As the movie begins, Charlie is already in uniform and being drilled at boot camp. The men in his squad are of various heights and builds, but Charlie is the shortest and skinniest. The other men all move and turn with military precision, but Charlie is always a bit behind them. The sergeant tries to show him how to properly “volte face,” but Charlie turns it into a funny dance move. They march for a very long time and Charlie returns to his bunk. The scene fades out and when it begins again, he is in a trench, carrying a ridiculously overloaded pack. The camera dollies to follow him down the trench, then dollies back when he turns around and returns, finding the cubby in the wall that opens in to his new digs. Inside are his two roommates (one of them is Sydney Chaplin, Charlie’s brother). He moves in and secures his bunk, then we get a view of the enemy trench. The Germans are all large and rough-looking men, but their officer is a dwarf (Loyal Underwood). He is very strict with them, and they all appear to be terrified of him.
We see various day-to-day activities in the trenches, like eating lunch under shell fire and standing guard in the rain. When the mail call comes, everyone in the unit seems to get a care package except for Charlie. He refuses the offer to share food with one of his bunkmates, trying to make it seem as if he doesn’t care. He gets very involved in reading over the shoulder of one man who has a letter, desperate for any news from home. Finally, the postal carrier does find a package for him. It includes stale bread and limburger cheese. He tosses the cheese into the German trench, and they react as if it were a chemical weapons attack. When it is time for Charlie to go to bed, the rain has flooded his bunk, and he has to lie in the water. He uses the horn from a gramophone as a snorkel so he doesn’t drown. The next day, his unit is called to make an attack on the German trench. They capture it and Charlie brings in the entire enemy squad as prisoners. When asked how he did it, he says, “I surrounded them.” He gives the short German officer a spanking, which gets applause from his men.
We see a bombed-out French house with a dejected resident (Edna Purviance), who represents all the strife France is going through in the war. Charlie volunteers for duty behind the lines, and is camouflaged as a stump. He hides out as some Germans set up camp. One comes over with an axe, looking for firewood, but Charlie knocks him out by bonking him with a limb, then bonks each of the other Germans in turn. Sydney is captured doing similar behind-the-line spying, and is put before a firing squad, but Charlie saves him by bonking the Germans. A fat soldier chases him through the woods, but often mistakes real trees for Charlie. Charlie escapes into a pipe, and the soldier is too fat to follow.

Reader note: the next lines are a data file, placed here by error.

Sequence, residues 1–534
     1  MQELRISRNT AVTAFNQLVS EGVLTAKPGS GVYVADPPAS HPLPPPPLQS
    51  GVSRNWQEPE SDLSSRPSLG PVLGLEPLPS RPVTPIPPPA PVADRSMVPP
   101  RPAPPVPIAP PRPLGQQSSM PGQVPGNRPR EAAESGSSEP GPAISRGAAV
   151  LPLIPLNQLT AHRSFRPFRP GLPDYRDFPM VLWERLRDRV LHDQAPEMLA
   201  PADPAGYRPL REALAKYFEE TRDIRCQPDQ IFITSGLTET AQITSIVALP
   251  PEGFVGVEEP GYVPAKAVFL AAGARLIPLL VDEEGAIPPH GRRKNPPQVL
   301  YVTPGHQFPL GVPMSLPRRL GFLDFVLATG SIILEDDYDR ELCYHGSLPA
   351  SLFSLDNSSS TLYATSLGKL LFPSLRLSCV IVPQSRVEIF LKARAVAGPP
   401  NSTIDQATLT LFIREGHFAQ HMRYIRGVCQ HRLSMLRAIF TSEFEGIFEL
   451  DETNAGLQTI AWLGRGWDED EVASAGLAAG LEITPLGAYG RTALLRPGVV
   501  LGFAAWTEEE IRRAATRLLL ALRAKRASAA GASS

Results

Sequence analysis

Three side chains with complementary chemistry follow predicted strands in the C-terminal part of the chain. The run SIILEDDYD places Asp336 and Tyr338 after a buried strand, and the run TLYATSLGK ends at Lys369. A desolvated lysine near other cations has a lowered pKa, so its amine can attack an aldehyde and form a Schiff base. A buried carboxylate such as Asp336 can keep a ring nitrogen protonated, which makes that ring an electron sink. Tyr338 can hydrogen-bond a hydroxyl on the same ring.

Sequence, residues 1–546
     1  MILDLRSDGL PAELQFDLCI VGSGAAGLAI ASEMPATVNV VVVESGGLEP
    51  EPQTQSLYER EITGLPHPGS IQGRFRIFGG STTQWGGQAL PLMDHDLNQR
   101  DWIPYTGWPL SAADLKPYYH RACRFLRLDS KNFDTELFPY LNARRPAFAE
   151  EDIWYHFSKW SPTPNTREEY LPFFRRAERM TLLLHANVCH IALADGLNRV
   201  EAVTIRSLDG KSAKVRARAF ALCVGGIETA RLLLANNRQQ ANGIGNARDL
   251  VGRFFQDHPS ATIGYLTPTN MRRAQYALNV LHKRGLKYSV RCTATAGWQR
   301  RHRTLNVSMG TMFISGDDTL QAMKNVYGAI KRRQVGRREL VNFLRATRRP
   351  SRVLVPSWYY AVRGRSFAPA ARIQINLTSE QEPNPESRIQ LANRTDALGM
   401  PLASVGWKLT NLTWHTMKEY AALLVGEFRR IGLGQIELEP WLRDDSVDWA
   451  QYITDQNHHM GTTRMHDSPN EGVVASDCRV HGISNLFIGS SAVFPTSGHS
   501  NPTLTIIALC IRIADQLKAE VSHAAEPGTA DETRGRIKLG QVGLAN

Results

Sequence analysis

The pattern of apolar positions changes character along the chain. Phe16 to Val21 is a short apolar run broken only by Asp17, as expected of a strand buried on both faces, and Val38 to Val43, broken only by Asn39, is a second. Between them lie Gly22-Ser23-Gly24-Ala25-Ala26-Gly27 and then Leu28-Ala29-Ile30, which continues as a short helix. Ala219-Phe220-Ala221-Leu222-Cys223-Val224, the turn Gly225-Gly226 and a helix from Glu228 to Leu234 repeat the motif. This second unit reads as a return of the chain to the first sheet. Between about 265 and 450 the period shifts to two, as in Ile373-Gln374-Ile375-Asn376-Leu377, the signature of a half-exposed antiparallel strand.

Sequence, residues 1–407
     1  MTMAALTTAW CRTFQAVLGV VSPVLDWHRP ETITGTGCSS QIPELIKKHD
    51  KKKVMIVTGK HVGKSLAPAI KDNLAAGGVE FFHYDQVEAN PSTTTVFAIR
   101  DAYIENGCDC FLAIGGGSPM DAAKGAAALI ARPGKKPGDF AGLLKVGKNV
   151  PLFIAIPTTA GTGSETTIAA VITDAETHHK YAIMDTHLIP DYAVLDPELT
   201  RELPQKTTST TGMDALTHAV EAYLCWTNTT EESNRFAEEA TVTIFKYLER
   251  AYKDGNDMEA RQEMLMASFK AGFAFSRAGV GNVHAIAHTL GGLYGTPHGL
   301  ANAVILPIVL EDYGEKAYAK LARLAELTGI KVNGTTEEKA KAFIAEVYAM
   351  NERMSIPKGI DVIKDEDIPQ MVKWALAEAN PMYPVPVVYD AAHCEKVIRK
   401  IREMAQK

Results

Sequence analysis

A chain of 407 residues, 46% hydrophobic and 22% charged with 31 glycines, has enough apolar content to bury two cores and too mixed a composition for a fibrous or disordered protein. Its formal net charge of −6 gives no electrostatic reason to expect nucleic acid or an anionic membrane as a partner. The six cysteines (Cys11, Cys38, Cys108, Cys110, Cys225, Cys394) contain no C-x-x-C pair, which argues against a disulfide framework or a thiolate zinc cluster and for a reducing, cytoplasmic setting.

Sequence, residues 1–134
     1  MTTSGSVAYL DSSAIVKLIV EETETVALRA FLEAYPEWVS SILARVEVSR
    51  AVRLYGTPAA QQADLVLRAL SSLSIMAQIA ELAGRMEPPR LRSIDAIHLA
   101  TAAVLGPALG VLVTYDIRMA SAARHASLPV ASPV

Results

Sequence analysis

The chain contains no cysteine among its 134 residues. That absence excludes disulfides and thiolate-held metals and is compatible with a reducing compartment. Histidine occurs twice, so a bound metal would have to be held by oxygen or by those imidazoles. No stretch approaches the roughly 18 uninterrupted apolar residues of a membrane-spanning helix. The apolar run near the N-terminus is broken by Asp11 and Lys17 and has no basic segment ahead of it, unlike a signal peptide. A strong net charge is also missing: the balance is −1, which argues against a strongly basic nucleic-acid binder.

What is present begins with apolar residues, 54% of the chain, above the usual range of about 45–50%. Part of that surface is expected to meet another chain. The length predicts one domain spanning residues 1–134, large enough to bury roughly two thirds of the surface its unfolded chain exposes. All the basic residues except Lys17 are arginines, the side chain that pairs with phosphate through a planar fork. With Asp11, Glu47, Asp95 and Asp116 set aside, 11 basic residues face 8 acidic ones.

Charlie finds his way to Edna’s house, and she finds him there and begins a flirtation before the Germans show up and capture them both, wrecking what’s left of the house in the process. Edna is taken to the German headquarters, where she meets a taller German officer who is enjoying local wine. Charlie manages to rescue her and dresses as the officer, just in time to meet the Kaiser and two of his generals (one is fat and looks like Hindenburg, the other is thin and looks nothing like Ludendorff). He knocks out their chauffeur and drives them into Allied territory, where they are taken into custody.
Then he wakes up again, still in hiss bivouac from the first scene, not yet deployed. The entire war sequence is shown to be a dream.
As I stated, this movie was wildly popular when released. It was also a critical success on a level far above what Chaplin usually managed. No one seems to have thought it “vulgar” (although there are some decidedly adult gags once he meets Edna). Reviewers for the next decade compared each new Chaplin release to it – often deciding that classics like “The Kid” or “The Gold Rush” were not quite so good as “Shoulder Arms.” It’s easy to see why it was popular in the United States as the country prepared to finally join the long slog of trench warfare, and it was also popular in Britain and elsewhere, where the fighting had been going for years. The movie identifies with the common soldier doing his bit in awful circumstances, not necessarily motivated by any great patriotism or ideology, just wanting to his best and help out the fellow next to him in the foxhole (Sydney). It suggests that even the lowliest soldier can become a hero, at least in his own mind, and it lets people laugh at their own worst fears. Chaplin’s famed pathos is also on display – the forlorn look on his face when he thinks he hasn’t received any mail must have inspired hundreds of letters from mothers and sweethearts.
Today the laughs are just as strong. The problem I have is mostly with the caricatured depiction of the Germans, who for the most part were just simple soldiers sitting through the same Hell as the Allies, whatever the mistakes of their leaders, and many of them would soon be joining revolts against those leaders. The one moment that humanizes them is when they applaud seeing their officer spanked. Particularly the final sequence in which Chaplin captures the Kaiser comes across as overwrought propaganda. Of course, all of Chaplin’s “bad guys” are caricatures, and there’s no reason to expect gallantry toward the enemy in a war comedy, and the gags and pratfalls are still brilliant. The Wikipedia article claims that, “[t]his is believed to be the first comedy film about war.” I find that hard to believe, although I haven’t thought of a definite counter-example (Chaplin was in uniform in “Burlesque on Carmen,” but there’s no war going on). Certainly it set the stage for others to come, being a huge success and critical darling.
Director: Charlie Chaplin
Camera: Roland Totheroh
Run Time: 36 Min